Plastic Ban – a step in the right direction?

Plastic has become ubiquitous, it is everywhere, on land, in water, in food and if recent studies are to believed, in snow and even in air! According to a report by National Geographic, microplastics (tiny plastic fragments), believed to be present in the air, have found their way even to the remote regions of the Arctic.

Though this is a global issue, India is feeling it more acutely because of lack of adequate plastic waste disposal systems. The Indian government has announced that India is committed to eliminating single-use plastic and encouraging development of environment-friendly substitutes as well as an efficient plastic collection and disposal mechanism.

Why is a ban necessary?

Plastic being non-biodegradable, ends up polluting the roadsides, landfills, lakes and oceans thereby not only endangering animal/marine life but also entering the food chain; currently 85% of marine litter is plastic.

A Report by Indian Institute of Technology (IIT) highlights the possible negative effects of careless disposal of plastics in the Arabian Sea. The research suggests that such accumulation of plastics can hamper the growth of mangroves in Mumbai which play a key role in preventing floods.

Added to this is the fact that plastic manufacture processes release toxic chemicals into the environment. Certain ‘carcinogenic, neurotoxic, and hormone-disruptive’ chemicals that are standard ingredients of plastic production cause water, land and air pollution.

The other problem is the impact on health. Not only are harmful chemicals released during manufacture of plastic (as mentioned above) but certain additives that are often added to give plastic the desired mechanical properties can cause fatal diseases among living beings. These include,

  • BPA or Bisphenol A, often used in food and beverages containers, such as water bottles. BPA exposure can affect the brain, cause cancer and hypertension and lead to impaired immune function.
  • Plasticisers or Phthalates, primarily used in PVC, to make it flexible, including children’s toys, flooring, clothes and myriad other everyday items. PVC is believed to be a causative factor for health disorders like cancer, birth defects, bronchitis, ulcers, skin diseases etc.
  • Flame retardants, used in electric and electronic equipment, upholstery and other items to provide fire safety benefits. These substances have been banned by the UN due to their detrimental effects on environment and human health.

 Essentially, plastic is harmful either when broken down or when it is combined with chemicals (as indicated above).

Drives against plastic


  1. Chile’s Constitutional Court ratified a bill that bans retail use of plastic bags across the country in July, 2018. Chile’s ban is the first country-wide one in the Americas. Similar bans have been passed in China, Kenya, France, and elsewhere.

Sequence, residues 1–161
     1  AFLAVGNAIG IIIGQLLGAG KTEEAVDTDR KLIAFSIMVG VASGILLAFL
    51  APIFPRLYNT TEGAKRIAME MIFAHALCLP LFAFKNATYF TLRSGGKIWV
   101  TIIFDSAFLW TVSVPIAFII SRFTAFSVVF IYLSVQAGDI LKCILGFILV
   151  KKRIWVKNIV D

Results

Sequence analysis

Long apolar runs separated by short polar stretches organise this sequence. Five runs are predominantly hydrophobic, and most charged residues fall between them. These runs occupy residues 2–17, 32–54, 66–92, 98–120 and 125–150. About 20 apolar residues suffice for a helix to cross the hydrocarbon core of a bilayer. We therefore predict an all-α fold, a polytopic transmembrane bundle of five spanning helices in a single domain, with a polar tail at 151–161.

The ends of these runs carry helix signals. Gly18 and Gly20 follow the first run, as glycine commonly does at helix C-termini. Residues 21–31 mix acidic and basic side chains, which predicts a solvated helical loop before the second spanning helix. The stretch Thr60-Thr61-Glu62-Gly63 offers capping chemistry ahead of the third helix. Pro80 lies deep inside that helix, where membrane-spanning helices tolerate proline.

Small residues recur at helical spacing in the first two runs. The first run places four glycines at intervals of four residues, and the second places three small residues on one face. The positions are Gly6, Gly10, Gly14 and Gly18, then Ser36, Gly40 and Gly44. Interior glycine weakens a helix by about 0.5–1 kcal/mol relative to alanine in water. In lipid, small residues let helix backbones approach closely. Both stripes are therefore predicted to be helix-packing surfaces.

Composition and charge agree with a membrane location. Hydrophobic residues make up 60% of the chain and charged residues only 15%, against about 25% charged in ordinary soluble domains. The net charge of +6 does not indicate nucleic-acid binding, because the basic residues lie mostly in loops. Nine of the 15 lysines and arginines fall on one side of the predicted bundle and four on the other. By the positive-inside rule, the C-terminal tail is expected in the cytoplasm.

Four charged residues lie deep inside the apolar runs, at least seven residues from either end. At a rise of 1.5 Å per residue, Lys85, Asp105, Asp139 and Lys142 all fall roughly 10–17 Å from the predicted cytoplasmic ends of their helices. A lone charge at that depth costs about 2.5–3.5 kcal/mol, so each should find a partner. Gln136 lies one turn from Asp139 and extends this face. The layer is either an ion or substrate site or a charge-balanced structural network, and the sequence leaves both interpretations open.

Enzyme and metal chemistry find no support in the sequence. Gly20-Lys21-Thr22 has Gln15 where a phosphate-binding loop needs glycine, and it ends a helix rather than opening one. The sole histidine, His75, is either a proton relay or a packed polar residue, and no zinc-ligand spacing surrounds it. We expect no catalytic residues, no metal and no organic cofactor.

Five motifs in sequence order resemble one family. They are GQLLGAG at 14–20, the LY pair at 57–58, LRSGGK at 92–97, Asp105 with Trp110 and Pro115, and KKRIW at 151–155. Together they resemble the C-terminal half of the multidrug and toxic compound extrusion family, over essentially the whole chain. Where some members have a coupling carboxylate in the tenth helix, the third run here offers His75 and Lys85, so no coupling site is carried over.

2. Peru has banned visitors from carrying single-use plastics into Peru’s 76 natural and cultural protected areas, including Machu Picchu, Manu, Huascarán and national museums.
  3. The Canadian Government banned single-use plastics earlier this year and announced that other (unspecified) steps to reduce plastic pollution would also be taken up shortly.
  4. US City Seattle banned the use of plastic straws and utensils in bars and restaurants in July 2018.
  5. Madras High Court has recently passed an order banning the sale of plastic bottles in the Nilgiris to prevent plastic pollution in the hill district. As an alternative, the district administration has installed water vending machines from where the public can draw water (in their own receptacles) at a nominal price.

Arguments against the ban

There is an economic argument against the plastic ban especially in the current scenario of economic ‘slowdown’ of the country given that the plastic industry provides employment to over a million people (directly or indirectly). Some feel that a ban only on plastic/polythene bags should be enforced instead of all single use plastics. Besides, there is a belief that the key problem is the ‘attitude towards consumption and disposal’ i.e. it is not the product itself that is harmful to the environment but its ‘misuse and improper disposal’.



While waste disposal and environmental management remain important factors in reducing the plastic footprint, the impact will be minimised only when there is a restriction on its manufacturing and indiscriminate use. Undoubtedly, there are economic ramifications of bans on plastic, but these do not justify its unrestricted use across various sectors. Bottomline is that merely banning plastic may not be the best solution, instead finding affordable and innovative alternatives to plastic is the need of the hour.